I'm not a big fan of Latin remakes of jazz standards, but in the case of "Red Clay", which seems forever locked into its original arrangement, changes and adaptations are more than welcome. Denver percussionist Janine Santana's arrangement of the Freddie Hubbard classic effectively straddles the line between Latin and funk, splitting up the melody between short Latin grooves.The horns get the major melodic lines up front, but later, the rhythm section plays the ascending line from the B section. The rhythm's part is so well-written that the passage is well underway before the listener grasps what is happening. Trumpeter Greg Gisbert and alto saxophonist Richie Cole share the solo spotlight with Santana. Gisbert's solo is filled with unusually-shaped ideas and spectacular passages in the high register. While it sounds like he's playing into an echoplex, the sound and late echoes are all acoustic. Cole's solo, while exciting and well-played, is considerably more restrained than his wild playing from the late 70s. Santana's brief spot offers effective counter-rhythms over the churning rhythm team. Overall, a fine alternative approach to a jazz chestnut.
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This album was a new direction for Freddie Hubbard. It starts with a rubato section where once again Freddie is his Nogento
("Stanky") self. Then into a great tune with (for the genre) a quite musical and developed solo; funky but he also takes it out a bit—this was the first time I had heard him do that ascending lip trill thing. Nice arrangement with backgrounds behind the soloists. Joe Henderson also plays some great stuff. My buddies and I were excited when this come out, because we played frequently with Lenny White at jam sessions, and it felt to us like he had really ‘made it’ with this release.
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A strange but predictable thing happened to fusion during the 1970s. Corporate know-nothings decided it should have a broader commercial audience. They believed that any complicated music or material that required even a modicum of thought was noncommercial. The only way to increase sales was to sign acts that would play watered-down fusion and to ask current roster members to do the same. Many artists were more than happy to oblige. Ironically, it was this business decision that eventually led to Smooth Jazz. (Pardon me while I gag.)
Not all musicians succumbed to the industry pressure. But the nature of the jazz-rock business changed. People grew tired of the new fusion that now had a terrible sameness to it. Some even longed for acoustic jazz. Under these circumstances V.S.O.P. was formed by some of our finest jazz musicians. Each had also played an important role in fusion, but this was a back-to-basics jazz outfit presenting an acoustic mix of standards and new compositions.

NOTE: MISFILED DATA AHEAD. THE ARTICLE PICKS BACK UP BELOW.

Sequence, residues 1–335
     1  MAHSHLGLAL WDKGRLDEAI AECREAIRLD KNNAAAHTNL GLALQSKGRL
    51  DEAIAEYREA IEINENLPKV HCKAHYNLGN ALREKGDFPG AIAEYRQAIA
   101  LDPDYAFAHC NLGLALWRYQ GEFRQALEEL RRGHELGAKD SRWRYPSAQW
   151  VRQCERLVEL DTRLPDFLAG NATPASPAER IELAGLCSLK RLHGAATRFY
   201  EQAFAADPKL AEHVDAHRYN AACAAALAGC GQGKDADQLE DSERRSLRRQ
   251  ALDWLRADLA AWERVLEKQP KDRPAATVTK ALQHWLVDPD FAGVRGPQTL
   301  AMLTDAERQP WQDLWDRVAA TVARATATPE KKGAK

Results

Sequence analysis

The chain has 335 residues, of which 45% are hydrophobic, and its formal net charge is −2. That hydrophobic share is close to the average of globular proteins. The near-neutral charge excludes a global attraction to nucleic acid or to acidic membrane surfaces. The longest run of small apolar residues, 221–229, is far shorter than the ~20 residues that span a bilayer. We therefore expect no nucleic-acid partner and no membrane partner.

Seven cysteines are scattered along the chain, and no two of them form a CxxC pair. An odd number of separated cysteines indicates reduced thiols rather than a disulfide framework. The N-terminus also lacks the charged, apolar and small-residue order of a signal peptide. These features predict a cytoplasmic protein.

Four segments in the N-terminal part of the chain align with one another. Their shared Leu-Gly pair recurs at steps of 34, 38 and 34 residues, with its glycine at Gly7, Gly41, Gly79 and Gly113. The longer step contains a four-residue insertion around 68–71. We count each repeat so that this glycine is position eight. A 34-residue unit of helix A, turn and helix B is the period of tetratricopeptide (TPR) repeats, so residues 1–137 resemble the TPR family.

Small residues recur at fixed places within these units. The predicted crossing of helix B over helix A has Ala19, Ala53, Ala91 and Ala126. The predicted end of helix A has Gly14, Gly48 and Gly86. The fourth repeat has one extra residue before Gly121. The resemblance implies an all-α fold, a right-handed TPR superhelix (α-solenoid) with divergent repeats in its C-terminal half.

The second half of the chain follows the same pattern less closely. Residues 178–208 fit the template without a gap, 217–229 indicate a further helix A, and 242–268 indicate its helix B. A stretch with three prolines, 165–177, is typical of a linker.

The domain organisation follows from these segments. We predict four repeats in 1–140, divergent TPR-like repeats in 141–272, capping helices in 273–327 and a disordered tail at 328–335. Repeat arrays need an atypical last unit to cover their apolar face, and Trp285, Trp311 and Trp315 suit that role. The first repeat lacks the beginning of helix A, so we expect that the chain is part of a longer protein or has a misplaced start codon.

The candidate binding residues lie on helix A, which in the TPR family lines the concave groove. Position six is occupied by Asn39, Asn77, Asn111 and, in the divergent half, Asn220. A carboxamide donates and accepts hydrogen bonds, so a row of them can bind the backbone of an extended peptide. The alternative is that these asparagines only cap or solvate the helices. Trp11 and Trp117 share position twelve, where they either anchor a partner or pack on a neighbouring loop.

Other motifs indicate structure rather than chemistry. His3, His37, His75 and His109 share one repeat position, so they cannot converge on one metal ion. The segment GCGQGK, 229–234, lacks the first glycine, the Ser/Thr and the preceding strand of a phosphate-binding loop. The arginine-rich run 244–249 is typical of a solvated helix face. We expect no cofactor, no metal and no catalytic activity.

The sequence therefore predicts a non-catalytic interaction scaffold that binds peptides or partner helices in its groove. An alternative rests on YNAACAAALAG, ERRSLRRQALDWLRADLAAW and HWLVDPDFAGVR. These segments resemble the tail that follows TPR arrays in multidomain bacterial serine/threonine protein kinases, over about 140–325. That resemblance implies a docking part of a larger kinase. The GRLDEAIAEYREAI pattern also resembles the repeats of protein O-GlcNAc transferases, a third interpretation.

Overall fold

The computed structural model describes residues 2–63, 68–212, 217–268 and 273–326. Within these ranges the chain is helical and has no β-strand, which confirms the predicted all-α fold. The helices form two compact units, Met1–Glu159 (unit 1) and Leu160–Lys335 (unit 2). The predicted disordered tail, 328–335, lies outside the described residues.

V.S.O.P. (Very Special One-time Performance) was an outstanding band. Freddie Hubbard's seminal "Red Clay" – originally recorded on CTI
with both Hancock and Carter joining leader Hubbard – is reinterpreted before a knowing and appreciative Japanese audience. This is a very fine arrangement and performance. Atop a rolling Tony Williams percussion pastiche, Hubbard and Shorter hint at the melody in an opening exposition. The tune's famous bassline riff enters to applause. Hubbard and Shorter double on the melody. Fantastic stuff! Hubbard's solo is high-pitched, punchy and energetic. He finishes. Major applause erupts. Shorter is more restrained at first. Soon he is yelping. Hancock is typically lyrical during his turn, eventually leading us back to those wonderful and unforgettable Carter bass riffs.
V.S.O.P. released its previous two records in the USA. This record was initially released in Japan only. Why they did that, I don't know. But I do know it was damn good music.
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Backed by a stellar lineup, vocal stylist Mark Murphy lends his unique lyrical take to this classic Freddie Hubbard tune. A punctuated bassline by Harvie Swartz starts us off on this desert journey, accentuated by appropriate snakelike rattles from percussionist Evans, all the while backed by the accomplished horn section of David Sanborn and Michael & Randy Brecker. Don Grolnick's electric piano and Tony Puma's guitar comps mesh perfectly as Murphy's deep-timbered, jagged delivery mimics a horn more than a voice. The syncopated pace abruptly shifts with a deliciously played trumpet solo by Randy Brecker in homage to the song's composer, Freddie Hubbard. At the break, the ever-versatile Murphy scats in perfect harmony with the horn section, one more testament to this man's unique ability to scat in the tradition of great singers like Ella Fitzgerald or Jon Hendricks but with a decidedly "cool" approach. The inimitable Michael Becker takes a brief but immediately identifiable solo, followed by a Grolnick electric piano solo riff that foreshadows "Angela
," Bob James's theme song to the TV show Taxi
– by three years! Murphy's lyrics give a story to this formerly instrumental piece. After hearing his take on this song, one wonders how it was ever played without his words.
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Jazz purists prefer to remember Hubbard for his Art Blakey sideman days or his Blue Note performances, but his work for Creed Taylor’s CTI label has held up well with the passing years. “Red Clay” finds Hubbard testing the waters of the jazz-rock fusion style, so popular in the early 1970s. The trumpeter never enjoyed the crossover success of Herbie Hancock (who joins on electric piano here), but his fiery trumpet stylings made him a natural for the jazz-rock genre. The band is top-notch, the groove is irresistible, and Hubbard, 31 years old when he made this date, was at the peak of his powers.
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